Study Looks at Mental Health in Graduate School


There has been a worldwide crisis in mental health in graduate level education. (Courtesy of Fordham GSE)

Isabel Danzis, News Editor

A recent study of mental health among Fordham’s Graduate School of Arts and Sciences (GSAS) student population categorized 71% of the student population as depressed and only 27% as satisfied with their life. The number was even higher in Ph.D. candidates with 85% scoring as depressed, 53% scored as having some sort of anxiety disorder and only 18% scoring as satisfied with their lives. It was also found that students who identify with the LGBTQ+ community or as having a disability had a higher than average rate of scoring as depressed at 84% and 85%, respectively.

Nicholas Sooy, a sixth-year Ph.D. candidate in the philosophy department commissioned the study in 2020. Sooy was hired as a higher education leadership fellow, a program aimed at teaching graduate students about higher education administration, and was tasked with the job of creating wellness initiatives. According to Sooy, he proposed this study to help plan wellness events because of his background knowledge that there is a general trend of mental health struggles in graduate students across the country.

“I know there’s been growing awareness among administrators that there is a crisis in graduate education. The data that was out there prior to this particular study suggested that around 35% of graduate students were suffering from depression and around 41% suffered from generalized anxiety. The global population numbers at the time were around 6% for each [disorder], so it was significantly higher among graduate students,” said Sooy.

According to Sooy, the data collected from Fordham’s GSAS students reports “by far the worst numbers” of mental health issues among graduate students. However, Sooy does note that Fordham’s study was being conducted during the COVID-19 pandemic, while other studies were done before.

The pandemic exacerbated mental health concerns for everyone, possibly contributing to the study’s findings.

To Sooy, and other graduate students, the result of this study was not surprising.

“I applied for the position [of higher education leadership fellow] because as a graduate student, myself, I’ve struggled with all of these things and I’ve seen many of my peers struggle with it,” said Sooy. “One of my best friends was in a Ph.D. program and had to leave because it just brought on very severe depression, and I’ve had a number of other friends and colleagues to have had to leave for graduate programs for similar reasons.”

For Marc Arteaga, a GSAS student, incoming president of the Graduate Student Council (GSC), previously known as the Graduate Student Association (GSA), these numbers were alarming, but not, however, very surprising.

“What’s upsetting to know about 71% is the fact that we don’t know, we don’t really have any systems in place to kind of tackle [it],” said Arteaga. “The conversation continually feels to be as if we’re just talking about recognizing [the mental health crisis], even though I think that everybody knows everybody’s going through it.”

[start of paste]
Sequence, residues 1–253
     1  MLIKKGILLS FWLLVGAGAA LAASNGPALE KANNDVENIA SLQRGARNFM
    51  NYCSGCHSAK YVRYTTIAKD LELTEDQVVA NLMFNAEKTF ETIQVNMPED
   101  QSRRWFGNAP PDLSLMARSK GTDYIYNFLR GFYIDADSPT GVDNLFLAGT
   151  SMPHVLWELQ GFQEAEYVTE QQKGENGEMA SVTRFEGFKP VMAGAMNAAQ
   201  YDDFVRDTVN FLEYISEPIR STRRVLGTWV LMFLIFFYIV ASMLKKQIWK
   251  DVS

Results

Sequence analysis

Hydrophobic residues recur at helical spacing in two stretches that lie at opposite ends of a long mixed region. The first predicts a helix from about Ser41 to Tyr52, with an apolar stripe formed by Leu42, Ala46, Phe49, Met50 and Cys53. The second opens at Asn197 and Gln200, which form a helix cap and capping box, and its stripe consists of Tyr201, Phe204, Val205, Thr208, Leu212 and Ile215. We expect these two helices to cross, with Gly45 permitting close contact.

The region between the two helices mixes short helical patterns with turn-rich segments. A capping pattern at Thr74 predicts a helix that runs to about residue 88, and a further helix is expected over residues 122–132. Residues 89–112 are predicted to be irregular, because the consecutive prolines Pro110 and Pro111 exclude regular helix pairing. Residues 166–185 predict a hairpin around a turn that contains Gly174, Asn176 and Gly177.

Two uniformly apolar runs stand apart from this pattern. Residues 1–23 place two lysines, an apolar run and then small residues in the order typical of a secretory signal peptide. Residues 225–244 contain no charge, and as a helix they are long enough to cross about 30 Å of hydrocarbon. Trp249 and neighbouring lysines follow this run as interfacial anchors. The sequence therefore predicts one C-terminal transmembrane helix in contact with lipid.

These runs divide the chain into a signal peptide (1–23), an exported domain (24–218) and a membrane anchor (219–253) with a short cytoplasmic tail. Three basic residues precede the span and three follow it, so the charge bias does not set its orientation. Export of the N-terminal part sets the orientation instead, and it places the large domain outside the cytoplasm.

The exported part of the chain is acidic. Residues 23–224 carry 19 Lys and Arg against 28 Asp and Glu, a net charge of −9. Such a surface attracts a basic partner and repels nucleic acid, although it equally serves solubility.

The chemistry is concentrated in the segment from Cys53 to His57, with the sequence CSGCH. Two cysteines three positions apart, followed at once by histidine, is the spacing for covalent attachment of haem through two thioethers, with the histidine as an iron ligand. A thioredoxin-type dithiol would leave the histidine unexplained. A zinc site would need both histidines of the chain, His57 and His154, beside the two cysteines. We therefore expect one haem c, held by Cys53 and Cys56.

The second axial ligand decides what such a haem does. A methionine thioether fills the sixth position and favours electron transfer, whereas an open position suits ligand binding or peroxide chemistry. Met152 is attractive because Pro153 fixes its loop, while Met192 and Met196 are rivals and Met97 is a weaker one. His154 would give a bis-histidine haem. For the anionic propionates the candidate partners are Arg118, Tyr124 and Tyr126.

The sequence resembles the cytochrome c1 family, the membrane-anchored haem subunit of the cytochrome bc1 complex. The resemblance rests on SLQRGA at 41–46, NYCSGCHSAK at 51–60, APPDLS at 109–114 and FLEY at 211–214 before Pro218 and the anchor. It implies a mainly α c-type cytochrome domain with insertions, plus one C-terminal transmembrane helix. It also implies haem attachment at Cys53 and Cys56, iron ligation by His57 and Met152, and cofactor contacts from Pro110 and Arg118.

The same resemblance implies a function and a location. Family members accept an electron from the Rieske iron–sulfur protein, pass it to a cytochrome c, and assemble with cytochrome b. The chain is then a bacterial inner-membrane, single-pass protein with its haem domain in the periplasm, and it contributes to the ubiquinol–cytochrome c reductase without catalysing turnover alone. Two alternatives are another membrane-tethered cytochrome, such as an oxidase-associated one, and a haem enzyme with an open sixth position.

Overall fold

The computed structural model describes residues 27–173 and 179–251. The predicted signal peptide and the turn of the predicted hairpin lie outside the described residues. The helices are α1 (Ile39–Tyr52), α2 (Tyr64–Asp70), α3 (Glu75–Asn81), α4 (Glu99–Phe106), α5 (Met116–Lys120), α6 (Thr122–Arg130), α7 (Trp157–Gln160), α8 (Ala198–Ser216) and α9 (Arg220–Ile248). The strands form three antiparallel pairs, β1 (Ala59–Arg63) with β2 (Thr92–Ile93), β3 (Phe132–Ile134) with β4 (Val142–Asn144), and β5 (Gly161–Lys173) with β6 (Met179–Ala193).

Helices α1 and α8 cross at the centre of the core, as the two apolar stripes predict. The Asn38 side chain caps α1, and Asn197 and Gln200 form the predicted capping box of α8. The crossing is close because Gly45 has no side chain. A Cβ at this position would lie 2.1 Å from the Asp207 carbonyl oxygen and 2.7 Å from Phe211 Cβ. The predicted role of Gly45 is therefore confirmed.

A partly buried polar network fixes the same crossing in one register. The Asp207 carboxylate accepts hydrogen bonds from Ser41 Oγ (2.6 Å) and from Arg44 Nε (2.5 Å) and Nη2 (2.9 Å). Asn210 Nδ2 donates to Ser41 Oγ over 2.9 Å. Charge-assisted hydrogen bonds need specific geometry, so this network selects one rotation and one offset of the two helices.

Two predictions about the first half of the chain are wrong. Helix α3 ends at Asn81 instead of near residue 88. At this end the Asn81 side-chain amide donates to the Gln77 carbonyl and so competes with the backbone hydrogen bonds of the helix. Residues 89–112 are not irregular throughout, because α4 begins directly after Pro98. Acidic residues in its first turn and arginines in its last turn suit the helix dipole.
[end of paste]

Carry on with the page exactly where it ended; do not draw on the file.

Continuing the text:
Arteaga notes that there have been many changes in GSAS over the last few years as well as the university as a whole. GSAS has had three deans within the last two and a half years. Additionally, the university in the fall will be welcoming a new university president.

For Arteaga, this constant change serves as an opportunity to rethink the structures within the graduate program.

“These are all things that I think speak to a level of change that’s currently happening. But personally, I’m a little hopeful because I think that if precedents are changing and there’s a lot of changes happening within the university, [then] this is the time where foundations can be laid for something better to occur,” said Arteaga. “I’m actually hopeful because in the change, perhaps we can throw in positive things for graduate students there.”

Both Sooy and Arteaga acknowledge the need for institutional change in order to address the mental health concerns that the survey reveals.

“We need to expand mental health care, physical health care [and] wellness options, ways to deal with career anxieties [and] all the different factors we identified, but you can only treat symptoms of individuals so long before you need to just overhaul the system,” said Sooy.

Arteaga said that the GSC aims to advocate for the needs of graduate students. According to Arteaga, conversations with Dr. Jeffery Ng, director of counseling and psychological services, about how to tailor CPS to graduate students’ needs have already begun. Arteaga said that while many graduate students are aware of CPS, they hesitate to use it because they feel that the services are more suited to undergraduate students.

Arteaga stressed that especially graduate students who teach undergraduate classes worry about potentially running into their students at CPS.
“One of the things that I want to stress to the graduate student body is that from the graduate student council perspective, we are committed to advocating as much as possible for the collective interest of all graduate students. That’s kind of like the main message that I want to impart as we move forward in the summer and in the new academic year,” said Arteaga.